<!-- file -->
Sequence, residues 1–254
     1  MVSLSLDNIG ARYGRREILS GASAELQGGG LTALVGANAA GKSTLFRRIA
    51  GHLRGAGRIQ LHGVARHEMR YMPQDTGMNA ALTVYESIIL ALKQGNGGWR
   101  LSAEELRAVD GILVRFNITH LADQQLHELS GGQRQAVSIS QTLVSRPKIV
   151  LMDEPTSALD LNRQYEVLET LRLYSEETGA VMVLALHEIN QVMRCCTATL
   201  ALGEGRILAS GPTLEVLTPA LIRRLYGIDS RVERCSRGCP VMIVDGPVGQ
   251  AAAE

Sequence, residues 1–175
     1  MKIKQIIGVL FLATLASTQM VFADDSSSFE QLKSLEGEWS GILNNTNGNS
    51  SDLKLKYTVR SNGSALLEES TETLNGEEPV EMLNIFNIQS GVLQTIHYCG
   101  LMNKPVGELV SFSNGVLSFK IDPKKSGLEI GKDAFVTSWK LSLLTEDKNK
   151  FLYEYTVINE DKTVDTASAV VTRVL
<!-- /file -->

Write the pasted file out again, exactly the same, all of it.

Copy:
Sequence, residues 1–254
     1  MVSLSLDNIG ARYGRREILS GASAELQGGG LTALVGANAA GKSTLFRRIA
    51  GHLRGAGRIQ LHGVARHEMR YMPQDTGMNA ALTVYESIIL ALKQGNGGWR
   101  LSAEELRAVD GILVRFNITH LADQQLHELS GGQRQAVSIS QTLVSRPKIV
   151  LMDEPTSALD LNRQYEVLET LRLYSEETGA VMVLALHEIN QVMRCCTATL
   201  ALGEGRILAS GPTLEVLTPA LIRRLYGIDS RVERCSRGCP VMIVDGPVGQ
   251  AAAE

Sequence, residues 1–175
     1  MKIKQIIGVL FLATLASTQM VFADDSSSFE QLKSLEGEWS GILNNTNGNS
    51  SDLKLKYTVR SNGSALLEES TETLNGEEPV EMLNIFNIQS GVLQTIHYCG
   101  LMNKPVGELV SFSNGVLSFK IDPKKSGLEI GKDAFVTSWK LSLLTEDKNK
   151  FLYEYTVINE DKTVDTASAV VTRVL